FAQ

FREQUENTLY ASKED QUESTIONS

FAQ: What is a Licensed Psychologist? Is every psychotherapist called a Psychologist?

A: Licensed Psychologists are Ph.D. (Doctoral level licensed) mental health practitioners. There are many Master’s level licensed mental health practitioners, (LPC, MSW, LMFT, to name a few).

Only Licensed Psychologists may refer to themselves as “Psychologists” in the state of Texas and in most states. When you are treated by a Licensed Psychologist you are being treated by mental health professional who has the highest level of training in their specialty.

FAQ: What is the difference between a Psychologist and a Psychiatrist?

A: Physicians (M.D.s) who specialize in psychotropic medications are called Psychiatrists and people often confuse the names Psychologist and Psychiatrist. While Psychiatrists also do psychotherapy with patients, they spend the majority of their practice managing medication with patients in short visits.

Unlike Psychiatrists, Psychologists do not prescribe medication except in a few states in the United States where Psychologists with special training can prescribe psychotropic medications. However, Psychologists frequently collaborate with Psychiatrists and other physicians who are prescribing for our patients as we often see the patients more frequently, for longer sessions, and are also able to follow a patient’s symptomatic response to psychotropic medications.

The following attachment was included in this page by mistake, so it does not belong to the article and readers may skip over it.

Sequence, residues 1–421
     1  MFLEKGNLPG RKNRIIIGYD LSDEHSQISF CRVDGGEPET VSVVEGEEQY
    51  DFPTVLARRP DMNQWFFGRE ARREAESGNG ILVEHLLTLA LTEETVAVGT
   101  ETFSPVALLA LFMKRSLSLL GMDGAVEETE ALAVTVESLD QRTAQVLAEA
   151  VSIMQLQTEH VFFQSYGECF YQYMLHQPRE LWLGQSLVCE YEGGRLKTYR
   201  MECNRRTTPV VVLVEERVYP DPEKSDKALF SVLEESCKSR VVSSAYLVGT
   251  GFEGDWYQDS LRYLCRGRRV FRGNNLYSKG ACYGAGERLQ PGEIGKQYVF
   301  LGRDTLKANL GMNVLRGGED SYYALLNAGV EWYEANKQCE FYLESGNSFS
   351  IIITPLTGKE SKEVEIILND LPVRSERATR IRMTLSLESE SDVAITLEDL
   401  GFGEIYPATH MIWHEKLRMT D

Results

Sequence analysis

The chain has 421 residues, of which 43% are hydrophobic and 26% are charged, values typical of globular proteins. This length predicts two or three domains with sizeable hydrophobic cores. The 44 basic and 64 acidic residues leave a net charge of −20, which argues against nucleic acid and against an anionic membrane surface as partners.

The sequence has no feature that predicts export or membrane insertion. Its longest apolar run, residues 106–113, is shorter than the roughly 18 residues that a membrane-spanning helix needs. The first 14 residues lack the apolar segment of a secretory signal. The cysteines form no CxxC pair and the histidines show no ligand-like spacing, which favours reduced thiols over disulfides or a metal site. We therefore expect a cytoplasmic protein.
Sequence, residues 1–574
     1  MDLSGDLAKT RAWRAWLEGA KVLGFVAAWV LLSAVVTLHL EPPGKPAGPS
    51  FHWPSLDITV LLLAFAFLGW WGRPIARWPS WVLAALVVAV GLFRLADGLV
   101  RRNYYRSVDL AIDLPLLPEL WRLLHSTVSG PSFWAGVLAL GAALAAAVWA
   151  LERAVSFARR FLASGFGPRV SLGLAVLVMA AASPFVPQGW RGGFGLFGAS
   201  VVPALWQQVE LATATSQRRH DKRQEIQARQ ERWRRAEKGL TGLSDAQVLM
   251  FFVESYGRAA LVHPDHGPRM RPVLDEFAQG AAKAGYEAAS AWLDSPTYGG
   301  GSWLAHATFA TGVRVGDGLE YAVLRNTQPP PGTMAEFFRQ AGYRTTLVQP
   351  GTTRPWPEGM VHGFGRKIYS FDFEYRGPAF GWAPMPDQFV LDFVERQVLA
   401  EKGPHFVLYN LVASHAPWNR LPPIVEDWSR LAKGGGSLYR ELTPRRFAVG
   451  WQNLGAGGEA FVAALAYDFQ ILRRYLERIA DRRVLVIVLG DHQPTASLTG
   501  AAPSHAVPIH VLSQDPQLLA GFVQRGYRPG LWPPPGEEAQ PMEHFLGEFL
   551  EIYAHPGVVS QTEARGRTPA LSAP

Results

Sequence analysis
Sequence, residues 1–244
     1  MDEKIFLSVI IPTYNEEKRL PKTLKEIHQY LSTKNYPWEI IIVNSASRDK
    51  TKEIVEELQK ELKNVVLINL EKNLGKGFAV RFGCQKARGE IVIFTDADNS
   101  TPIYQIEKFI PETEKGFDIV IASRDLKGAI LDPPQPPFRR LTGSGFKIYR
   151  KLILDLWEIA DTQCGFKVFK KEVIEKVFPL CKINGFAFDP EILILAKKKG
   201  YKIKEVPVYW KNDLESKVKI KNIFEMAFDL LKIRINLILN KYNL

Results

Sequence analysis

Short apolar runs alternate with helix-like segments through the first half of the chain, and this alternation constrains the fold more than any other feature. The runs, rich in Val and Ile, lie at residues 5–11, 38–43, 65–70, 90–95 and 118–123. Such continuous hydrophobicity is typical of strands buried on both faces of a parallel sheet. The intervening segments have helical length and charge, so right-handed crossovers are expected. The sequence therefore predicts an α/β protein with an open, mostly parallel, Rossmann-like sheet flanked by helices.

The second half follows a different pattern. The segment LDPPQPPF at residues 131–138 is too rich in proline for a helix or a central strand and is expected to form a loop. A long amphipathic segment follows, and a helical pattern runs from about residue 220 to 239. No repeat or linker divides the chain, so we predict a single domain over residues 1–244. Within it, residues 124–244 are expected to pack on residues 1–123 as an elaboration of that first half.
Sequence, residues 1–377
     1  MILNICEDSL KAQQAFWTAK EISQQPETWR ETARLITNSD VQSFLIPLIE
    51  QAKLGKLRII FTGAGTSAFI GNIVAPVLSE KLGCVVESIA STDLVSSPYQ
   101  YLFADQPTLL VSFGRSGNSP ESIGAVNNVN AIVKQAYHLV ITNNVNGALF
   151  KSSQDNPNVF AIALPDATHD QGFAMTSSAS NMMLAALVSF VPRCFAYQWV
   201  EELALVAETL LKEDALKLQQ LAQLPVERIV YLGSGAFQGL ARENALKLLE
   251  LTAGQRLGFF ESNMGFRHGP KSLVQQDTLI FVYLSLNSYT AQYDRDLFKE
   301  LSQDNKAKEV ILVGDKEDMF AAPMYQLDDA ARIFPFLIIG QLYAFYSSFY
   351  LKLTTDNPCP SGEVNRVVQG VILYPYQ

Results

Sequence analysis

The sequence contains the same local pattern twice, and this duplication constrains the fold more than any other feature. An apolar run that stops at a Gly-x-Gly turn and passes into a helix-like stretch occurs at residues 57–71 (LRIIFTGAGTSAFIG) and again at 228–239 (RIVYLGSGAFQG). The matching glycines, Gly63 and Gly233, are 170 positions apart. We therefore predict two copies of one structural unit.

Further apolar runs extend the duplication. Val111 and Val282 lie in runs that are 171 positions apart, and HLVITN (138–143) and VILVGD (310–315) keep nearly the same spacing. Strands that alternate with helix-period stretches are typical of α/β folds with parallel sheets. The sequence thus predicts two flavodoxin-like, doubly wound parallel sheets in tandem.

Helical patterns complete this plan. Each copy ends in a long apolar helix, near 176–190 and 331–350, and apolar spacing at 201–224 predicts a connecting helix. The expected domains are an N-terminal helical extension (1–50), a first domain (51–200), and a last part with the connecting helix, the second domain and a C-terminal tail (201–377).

FAQ: Do Licensed Psychologists have specialties?

A: Yes, like physicians, Psychologists have various specialties.

As a Clinical Psychologist, I see patients of all ages (4 years and up). I conduct psychotherapy and psychological evaluations with children, families, adolescents, and individual adults addressing a variety of emotional and behavioral issues. Because I also hold a Masters in Special Education and am additionally a Licensed Specialist in School Psychology, I am particularly focused on children and families.

The focus of psychotherapy in my practice may be one or more conditions such as anxiety problems, mood problems, grief, crisis, relationship problems, ADHD, academic or career under- achievement, to name a few. I do not treat patients who (first and foremost) need substance abuse treatment. Once that treatment is established and patients are recovering from substance abuse, I do admit them to my practice.

FAQ: When should someone seek psychotherapy?

A: Remember that mental health is part of general health. More and more research suggests that if people sought and received mental health more often, that physical health would generally be better for most people. We do not completely understand the mind-body connection but we do know that mental health and physical health are highly related. In Texas, mental health parity was passed into law recently. This means that insurance companies may not exclude mental health coverage in the health policies they provide.

Often it is a crisis of some proportion that propels a person to seek therapy. I remind patients that an emotional or behavioral crisis, while disturbing and often very painful, is a sign that it is time to make significant changes in one’s life. When a person feels very upset, that is an opportune time to engage in therapy. Seeking an initial appointment for therapy takes courage and resolve and is, in itself, a sign of mental health. The relative intensity of the problem presented is actually irrelevant. What matters is that the patient is concerned enough to seek professional help.